Riding the rails to purgatory

Jesus Hopped the ‘A’ Train

Life doesn’t get any tougher than this.

Life doesn’t get any tougher than this.

Photo By charr crail

Jesus Hopped the ‘A’ Train; 7 p.m. Wednesday, 8 p.m. Thursday and Friday, 7 p.m. Saturday and 2 p.m. Sunday; $26-$33. Capital Stage on the Delta King, 1000 Front Street in Old Sacramento; (916) 995-5464; www.capstage.org. Through May 22.

Capital Stage

2215 J St.
Sacramento, CA 95816

(916) 995-5464

Rated 5.0

Angel and Lucius are captives, physically, mentally and emotionally. The two are fellow prisoners at Rikers Island who only have each other and their thoughts to keep them company; they are imprisoned by their crimes, their regrets, their pride, their pasts and their dubious futures. Lucius is a serial killer on death row who’s found God and wants to mentor young Angel, a 30-year-old bike messenger awaiting trial for shooting a cult figure that he determined was a false prophet.

And so begins the strange intertwined relationship between two souls in solitary confinement who meet an hour a day in the outdoor exercise yard.

Lucius (Adrian Roberts) and Angel (Eric Aviles) are the two main protagonists in Stephen Adly Guirgis’ searing, explosive drama Jesus Hopped the ’A’ Train, the latest production at Capital Stage. Three additional characters—two guards (Jeremy Oase and Rodrigo Breton) and Angel’s lawyer, Mary Jane (Amy Prosser)—help bring added perspectives to this powerful play as it layers volatility and fragility while examining cause, guilt, punishment, redemption and spirits that are both crushed and resurrected. The language and subject matter makes this theater piece unsettling and uncomfortable at times, but also thoroughly engrossing and unforgettable.

The dynamics are constantly shifting, from the give-and-take between the scared Angel and the seemingly wise Lucius, to dialogues between prisoners and guards, and lawyer and client. But the most powerful moments come in gripping soliloquies of Angel, Lucius and Mary Jane, where they expose their souls, their convictions, their passions, their doubts and their downfalls.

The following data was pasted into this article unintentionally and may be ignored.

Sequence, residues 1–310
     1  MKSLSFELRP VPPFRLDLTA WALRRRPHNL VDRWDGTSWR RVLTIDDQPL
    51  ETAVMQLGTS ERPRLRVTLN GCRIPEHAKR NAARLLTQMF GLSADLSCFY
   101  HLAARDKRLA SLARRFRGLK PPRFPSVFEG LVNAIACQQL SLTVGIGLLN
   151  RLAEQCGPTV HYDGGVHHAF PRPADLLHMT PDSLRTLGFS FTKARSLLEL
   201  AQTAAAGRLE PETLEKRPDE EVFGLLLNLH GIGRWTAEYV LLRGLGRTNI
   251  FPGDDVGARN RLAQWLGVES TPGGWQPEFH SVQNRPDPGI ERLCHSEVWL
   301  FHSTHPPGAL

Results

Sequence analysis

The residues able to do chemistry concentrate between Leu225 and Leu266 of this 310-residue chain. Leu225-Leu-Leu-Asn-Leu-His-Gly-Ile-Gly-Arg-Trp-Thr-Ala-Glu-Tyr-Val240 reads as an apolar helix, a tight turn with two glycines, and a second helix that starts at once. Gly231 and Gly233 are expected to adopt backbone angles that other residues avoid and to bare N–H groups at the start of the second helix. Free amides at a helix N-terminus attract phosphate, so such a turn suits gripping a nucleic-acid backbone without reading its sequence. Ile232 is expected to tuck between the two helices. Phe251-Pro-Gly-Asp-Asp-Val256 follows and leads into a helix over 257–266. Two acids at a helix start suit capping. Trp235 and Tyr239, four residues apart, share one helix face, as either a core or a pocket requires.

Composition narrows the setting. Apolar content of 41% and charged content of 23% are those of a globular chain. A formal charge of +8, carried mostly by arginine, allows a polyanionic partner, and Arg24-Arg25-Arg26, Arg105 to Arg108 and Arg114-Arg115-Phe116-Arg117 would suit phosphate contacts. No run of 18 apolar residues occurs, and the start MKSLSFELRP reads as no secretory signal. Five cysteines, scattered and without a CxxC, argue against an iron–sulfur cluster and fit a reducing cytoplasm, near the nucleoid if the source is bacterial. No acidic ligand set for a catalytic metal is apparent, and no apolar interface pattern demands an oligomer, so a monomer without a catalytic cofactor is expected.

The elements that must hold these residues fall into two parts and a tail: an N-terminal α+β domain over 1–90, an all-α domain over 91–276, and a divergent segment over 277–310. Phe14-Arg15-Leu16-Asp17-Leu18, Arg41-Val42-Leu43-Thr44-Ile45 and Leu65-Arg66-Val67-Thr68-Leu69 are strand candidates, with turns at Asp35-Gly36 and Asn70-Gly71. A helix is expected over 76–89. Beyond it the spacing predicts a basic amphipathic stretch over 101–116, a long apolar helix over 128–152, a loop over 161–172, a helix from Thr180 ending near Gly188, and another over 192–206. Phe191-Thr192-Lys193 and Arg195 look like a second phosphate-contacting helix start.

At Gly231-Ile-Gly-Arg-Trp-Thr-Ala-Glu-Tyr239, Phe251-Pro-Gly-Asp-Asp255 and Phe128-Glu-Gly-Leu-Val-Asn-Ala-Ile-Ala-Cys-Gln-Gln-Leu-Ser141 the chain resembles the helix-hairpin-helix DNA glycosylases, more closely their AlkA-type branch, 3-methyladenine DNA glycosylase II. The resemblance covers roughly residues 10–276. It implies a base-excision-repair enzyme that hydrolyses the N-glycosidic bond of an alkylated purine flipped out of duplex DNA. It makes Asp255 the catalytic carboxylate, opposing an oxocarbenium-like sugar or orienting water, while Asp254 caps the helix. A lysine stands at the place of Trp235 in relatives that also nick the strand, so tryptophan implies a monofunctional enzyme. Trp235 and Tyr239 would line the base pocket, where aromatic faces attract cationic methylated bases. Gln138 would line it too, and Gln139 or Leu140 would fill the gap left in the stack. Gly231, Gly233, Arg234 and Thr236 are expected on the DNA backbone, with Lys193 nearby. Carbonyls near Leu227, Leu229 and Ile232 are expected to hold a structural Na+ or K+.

As dueling conversations and inner thoughts are shared, there is also the shift in the audience’s perspectives. More is revealed, and issues such as jailhouse conversions, personal transformations and ultimate responsibilities are grappled with.

The cast, most new to Capital Stage, leaves an indelible mark. Their performances are powerful, dangerous, loaded with expletives and not for the faint of heart. Aviles’ Angel actually breaks our heart from the opening scene as he frantically tries to pray: a lonely young man bathed in a lone spotlight, an actor who embodies a character so completely that you want to hug the fright out of him.

Roberts, as Lucius, portrays a man so full of charm and dichotomies that you don’t know whether to embrace him or arm yourself against him; it’s a frightfully commanding performance. Amy Prosser as Mary Jane also is most effective, rounding out a character that the playwright seems not quite sure how to really incorporate into the story.

Director Stephanie Gularte expertly choreographs the actors, pushing performances that not only feel like they’re going to explode, but actually do, followed by sweet, humorous moments that remind us of the humanity of each character. The staging proves once again why Capital Stage is such a theatrical force in town, with a stark set that comes alive with pulsating music, sirens, clangs and whistles against carefully chosen lighting moments that silhouette, spotlight and also plunge us into darkness. It’s a production staff that deserves recognition: Jonathan Williams (producing director and sound designer), Cathy Coupal (production manager), Steve Decker (set design), Glenn Fox (lighting design), Nancy Pipkin (costume design), Ed Lee (sound engineer) and Liz Estella (stage manager).

It’s a true collaborative between cast, crew and director that pays off with a truly captivating production.